traffic, ... any slice of public power is a veritable exchange
instrument, convertible into illicit acquisition of money or other

To now see in the capitalist system in its modern, most naked,
most cynical and greedy form, neo-liberalism, the ordinary
African's salvation is absurd. The illness, in NEPAD's diagnosis,
is actually the cure. A remarkable medicine, this!

This confusion is not stupidity, however: It is a mystification of the
role of capitalism, and of the African ruling classes, in particular:
No man can easily see himself as the problem. Neither can a
social class. We could not expect these strongmen and money
grabbers to be honest judges, juries and executioners in their own


Clearly, the African elites have made peace with their older
brothers in the West.

The radical nationalists of the 1950s and 1960s, men of the ilk of
Nkrumah and Kuanda, men who hated colonialism (and loved
capitalism), are gone from the stage. The old nationalists played,
at least, a small role in challenging colonialism, and in shaking the
old Empires. They turned on their own people soon enough, sure
enough, but they did play - for at least a time - a small role in the
global struggles for emancipation.

The NEPAD generation are more cynical men of more pathetic
stature. Unlike tehir predecessors who favoured State capitalism,
the NEPAD generation do not adopt neo-liberalism and Structural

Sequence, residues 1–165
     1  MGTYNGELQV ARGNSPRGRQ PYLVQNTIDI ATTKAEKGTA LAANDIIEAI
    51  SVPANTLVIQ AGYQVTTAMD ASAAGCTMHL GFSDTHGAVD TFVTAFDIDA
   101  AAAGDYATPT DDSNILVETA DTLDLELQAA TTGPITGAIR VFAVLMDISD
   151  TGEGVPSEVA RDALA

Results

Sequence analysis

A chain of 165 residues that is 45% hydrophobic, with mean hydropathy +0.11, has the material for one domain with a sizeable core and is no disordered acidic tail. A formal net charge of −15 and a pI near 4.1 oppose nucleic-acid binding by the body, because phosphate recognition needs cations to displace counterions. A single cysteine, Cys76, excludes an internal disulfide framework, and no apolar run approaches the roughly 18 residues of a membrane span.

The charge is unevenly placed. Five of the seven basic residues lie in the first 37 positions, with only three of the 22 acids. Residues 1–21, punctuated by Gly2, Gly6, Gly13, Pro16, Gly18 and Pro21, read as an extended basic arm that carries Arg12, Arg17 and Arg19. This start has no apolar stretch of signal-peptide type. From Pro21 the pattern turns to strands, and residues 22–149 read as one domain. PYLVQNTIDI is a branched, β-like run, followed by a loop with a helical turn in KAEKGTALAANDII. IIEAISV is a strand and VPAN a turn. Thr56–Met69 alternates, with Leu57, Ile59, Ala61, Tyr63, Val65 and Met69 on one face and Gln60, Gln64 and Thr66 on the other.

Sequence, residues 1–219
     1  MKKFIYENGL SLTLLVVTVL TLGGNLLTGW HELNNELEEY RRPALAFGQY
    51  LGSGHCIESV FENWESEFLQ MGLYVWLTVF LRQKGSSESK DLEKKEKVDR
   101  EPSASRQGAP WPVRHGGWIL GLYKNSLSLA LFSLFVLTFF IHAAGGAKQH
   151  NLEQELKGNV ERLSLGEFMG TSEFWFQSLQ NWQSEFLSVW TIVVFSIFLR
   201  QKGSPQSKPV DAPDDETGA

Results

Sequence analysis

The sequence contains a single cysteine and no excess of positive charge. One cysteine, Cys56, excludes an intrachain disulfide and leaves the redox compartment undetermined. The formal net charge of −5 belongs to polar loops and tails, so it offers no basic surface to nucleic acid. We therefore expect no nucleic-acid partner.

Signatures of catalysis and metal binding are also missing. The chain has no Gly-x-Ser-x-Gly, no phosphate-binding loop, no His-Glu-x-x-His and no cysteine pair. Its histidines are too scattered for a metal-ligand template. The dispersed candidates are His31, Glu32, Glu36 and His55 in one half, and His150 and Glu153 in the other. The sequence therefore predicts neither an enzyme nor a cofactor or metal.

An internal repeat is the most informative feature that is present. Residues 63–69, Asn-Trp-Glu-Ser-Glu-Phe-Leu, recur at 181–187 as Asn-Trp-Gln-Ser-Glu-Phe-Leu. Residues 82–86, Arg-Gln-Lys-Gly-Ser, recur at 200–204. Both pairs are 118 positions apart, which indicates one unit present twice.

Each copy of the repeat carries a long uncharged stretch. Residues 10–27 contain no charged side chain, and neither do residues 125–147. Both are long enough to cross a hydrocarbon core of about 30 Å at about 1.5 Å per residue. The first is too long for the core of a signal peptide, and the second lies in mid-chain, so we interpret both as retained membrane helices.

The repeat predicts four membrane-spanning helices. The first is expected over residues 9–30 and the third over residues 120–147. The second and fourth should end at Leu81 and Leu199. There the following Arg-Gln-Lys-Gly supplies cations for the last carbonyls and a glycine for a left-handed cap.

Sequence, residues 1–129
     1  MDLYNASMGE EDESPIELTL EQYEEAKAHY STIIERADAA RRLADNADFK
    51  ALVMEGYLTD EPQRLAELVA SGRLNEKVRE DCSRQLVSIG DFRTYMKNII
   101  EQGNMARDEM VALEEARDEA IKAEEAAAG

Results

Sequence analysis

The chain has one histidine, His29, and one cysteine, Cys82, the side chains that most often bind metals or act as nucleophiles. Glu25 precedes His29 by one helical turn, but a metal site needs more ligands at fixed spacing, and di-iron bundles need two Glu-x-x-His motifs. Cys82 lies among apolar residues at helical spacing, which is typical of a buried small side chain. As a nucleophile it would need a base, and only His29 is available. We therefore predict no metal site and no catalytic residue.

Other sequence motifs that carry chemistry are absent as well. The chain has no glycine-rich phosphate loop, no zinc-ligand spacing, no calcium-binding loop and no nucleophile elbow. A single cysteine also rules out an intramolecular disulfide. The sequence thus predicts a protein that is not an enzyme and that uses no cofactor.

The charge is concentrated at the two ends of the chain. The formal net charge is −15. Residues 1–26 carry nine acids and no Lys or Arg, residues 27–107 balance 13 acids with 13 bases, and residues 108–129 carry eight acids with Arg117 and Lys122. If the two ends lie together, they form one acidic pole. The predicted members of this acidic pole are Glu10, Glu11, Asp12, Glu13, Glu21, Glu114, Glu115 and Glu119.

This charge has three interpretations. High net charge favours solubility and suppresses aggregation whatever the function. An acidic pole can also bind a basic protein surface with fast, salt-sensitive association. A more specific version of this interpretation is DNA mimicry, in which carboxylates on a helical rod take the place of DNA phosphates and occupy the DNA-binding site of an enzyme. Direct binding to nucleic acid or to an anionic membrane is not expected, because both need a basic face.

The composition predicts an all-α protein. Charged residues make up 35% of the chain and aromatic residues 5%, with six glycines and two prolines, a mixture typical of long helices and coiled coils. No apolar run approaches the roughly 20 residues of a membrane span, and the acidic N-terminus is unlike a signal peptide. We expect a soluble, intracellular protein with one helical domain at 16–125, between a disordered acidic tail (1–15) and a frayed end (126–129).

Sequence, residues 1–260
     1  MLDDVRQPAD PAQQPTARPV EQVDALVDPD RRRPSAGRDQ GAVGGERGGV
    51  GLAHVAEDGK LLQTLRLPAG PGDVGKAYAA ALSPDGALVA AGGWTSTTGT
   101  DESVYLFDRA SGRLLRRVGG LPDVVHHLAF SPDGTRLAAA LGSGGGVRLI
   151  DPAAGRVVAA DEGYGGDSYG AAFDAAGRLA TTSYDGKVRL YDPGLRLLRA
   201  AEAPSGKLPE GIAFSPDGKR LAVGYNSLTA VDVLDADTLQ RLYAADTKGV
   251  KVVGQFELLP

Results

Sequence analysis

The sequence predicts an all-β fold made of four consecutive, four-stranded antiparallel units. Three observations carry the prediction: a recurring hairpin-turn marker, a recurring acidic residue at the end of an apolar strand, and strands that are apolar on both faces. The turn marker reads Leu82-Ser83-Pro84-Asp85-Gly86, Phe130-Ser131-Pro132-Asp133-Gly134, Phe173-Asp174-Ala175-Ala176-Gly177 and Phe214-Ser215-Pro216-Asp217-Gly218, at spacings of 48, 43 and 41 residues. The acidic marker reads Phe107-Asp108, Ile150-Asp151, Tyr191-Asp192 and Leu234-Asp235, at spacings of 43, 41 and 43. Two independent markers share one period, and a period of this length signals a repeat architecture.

Adjustment unwillingly- they embrace it and proclaim it an
"African Renaissance." Like the slave traders of old West Africa,
they parade their countries and populations on the world market.

Two things could happen at this point: foreign capital will buy into
NEPAD, or it won't. In either case, the strategic implications for
the working class are clear.

* Be practical: what can we do NOW? We can fight NEPAD
and the African elites through local actions.
* To intensify local struggles against privatisation, cut-offs and
evictions is the best way you can take on NEPAD. NEPAD is the
elites battle plan, but the war wages on many fronts: the army of
labour and the poor must fight where it meets the enemy. And the
immediate enemy is at home.
* It is important to begin to coordinate our struggles across the
borders, just as our rulers do, and to recognise the common basis
of our different struggles against privatisation, neo-liberalism and
authoritarian States. A common popular solidarity must be built,
brick by brick.
* This means practical actions - supporting political prisoners in
neighbouring countries, supporting strikers and getting anarchist
and radical literature into more countries.
* The old illusions in the African elites must be done away with
once and for all. If it was once at least understandable - but
mistaken- to be taken in by a Nkrumah, it would be ridiculous to
be gulled by an Obasanjo, a Mugabe or an Mbeki. Now, we have a
golden opportunity to expose these thugs: link the daily concerns
of the masses with the greed and brutality of their rulers.

By Lucien van der Walt (Zabalaza Anarchist Communist
Federation, South Africa)

Copied from ILS-SIL http://www.ils-sil.org - International
Libertarian Solidarity - Anarchist federation